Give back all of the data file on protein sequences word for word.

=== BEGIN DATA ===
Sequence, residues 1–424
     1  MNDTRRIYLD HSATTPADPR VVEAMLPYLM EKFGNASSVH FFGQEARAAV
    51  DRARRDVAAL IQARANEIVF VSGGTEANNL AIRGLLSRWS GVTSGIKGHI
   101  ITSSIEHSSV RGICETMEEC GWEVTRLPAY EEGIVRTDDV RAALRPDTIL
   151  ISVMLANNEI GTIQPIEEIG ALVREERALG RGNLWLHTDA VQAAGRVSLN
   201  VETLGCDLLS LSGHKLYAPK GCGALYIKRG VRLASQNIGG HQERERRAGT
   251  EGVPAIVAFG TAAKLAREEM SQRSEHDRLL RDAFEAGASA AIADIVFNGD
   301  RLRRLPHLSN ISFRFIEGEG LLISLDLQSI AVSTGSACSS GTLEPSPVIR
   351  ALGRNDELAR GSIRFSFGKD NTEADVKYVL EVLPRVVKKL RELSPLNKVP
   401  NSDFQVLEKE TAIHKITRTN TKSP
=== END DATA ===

Sequence, residues 1–424
     1  MNDTRRIYLD HSATTPADPR VVEAMLPYLM EKFGNASSVH FFGQEARAAV
    51  DRARRDVAAL IQARANEIVF VSGGTEANNL AIRGLLSRWS GVTSGIKGHI
   101  ITSSIEHSSV RGICETMEEC GWEVTRLPAY EEGIVRTDDV RAALRPDTIL
   151  ISVMLANNEI GTIQPIEEIG ALVREERALG RGNLWLHTDA VQAAGRVSLN
   201  VETLGCDLLS LSGHKLYAPK GCGALYIKRG VRLASQNIGG HQERERRAGT
   251  EGVPAIVAFG TAAKLAREEM SQRSEHDRLL RDAFEAGASA AIADIVFNGD
   301  RLRRLPHLSN ISFRFIEGEG LLISLDLQSI AVSTGSACSS GTLEPSPVIR
   351  ALGRNDELAR GSIRFSFGKD NTEADVKYVL EVLPRVVKKL RELSPLNKVP
   401  NSDFQVLEKE TAIHKITRTN TKSP